• Abstract title: A Prospective, Multicenter, Randomized, Masked, Controlled Pivotal Trial to Assess the Safety and Efficacy of an Eye-Tracking-Based Treatment for Amblyopia Under Binocular Conditions versus-Patching- Interim Results
  • Presentation start/end time: Monday, May 2, 10am – 12pm MT
  • Location: Poster Hall (Denver Convention Center/Virtual)
  • Also available on the virtual meeting site at beginning May 1
  • Abstract Number: A0345

Eye movements used to observe visual health of children recovering from brain injury

Presently, visual impairment in children suffering with brain injury like spontaneous arteriovenous malformation (AVM) rupture are challenging to monitor via typical procedures. This is due to their concurrence with cognitive and communicative disabilities. Thus, visual impairment is usually concluded through “subjective evaluations of gaze-based reactions to different forms and movements.”

Researchers at the Burke Neurological Institute, Blythedale Children’s Hospital, and Weill Cornell Medicine created a system, the “Visual Ladder,” to efficiently grade visual health established on eye movements and data from gaze-based tracking behaviors. They used the Visual Ladder to periodically evaluate visual impairment and function recovery in children that had just been treated for AVM rupture. Lead researcher Nazia M. Alam, BSc, PhD, and their team’s system graded the children’s “saccades, pursuits, visual field responsiveness, and spatial visual function from tracking responses to static and moving stimuli.”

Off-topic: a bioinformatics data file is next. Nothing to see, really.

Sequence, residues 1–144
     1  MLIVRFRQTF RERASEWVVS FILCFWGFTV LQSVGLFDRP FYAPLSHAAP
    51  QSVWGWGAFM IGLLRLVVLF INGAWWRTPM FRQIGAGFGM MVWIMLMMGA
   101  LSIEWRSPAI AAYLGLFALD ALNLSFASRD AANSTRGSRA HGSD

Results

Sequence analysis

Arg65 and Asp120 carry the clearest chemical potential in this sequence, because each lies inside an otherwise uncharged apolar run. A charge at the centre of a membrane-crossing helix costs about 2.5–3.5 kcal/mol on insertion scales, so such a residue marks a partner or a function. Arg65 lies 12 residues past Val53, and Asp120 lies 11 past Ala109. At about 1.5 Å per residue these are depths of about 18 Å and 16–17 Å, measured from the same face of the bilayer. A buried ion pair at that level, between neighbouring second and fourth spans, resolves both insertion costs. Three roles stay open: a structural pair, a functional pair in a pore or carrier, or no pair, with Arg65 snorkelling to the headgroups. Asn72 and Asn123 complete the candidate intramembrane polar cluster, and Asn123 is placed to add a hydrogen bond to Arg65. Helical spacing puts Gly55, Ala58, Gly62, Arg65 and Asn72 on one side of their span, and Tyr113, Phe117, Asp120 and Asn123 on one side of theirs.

All the children showed improvement not only in their eye-movement-based metrics, but also in their physical, communicative and cognitive abilities. Alam said that the system having the “ability to monitor visual health during recovery of consciousness holds promise to aid in the prognosis of recovery and in the quantification of treatment efficacy.”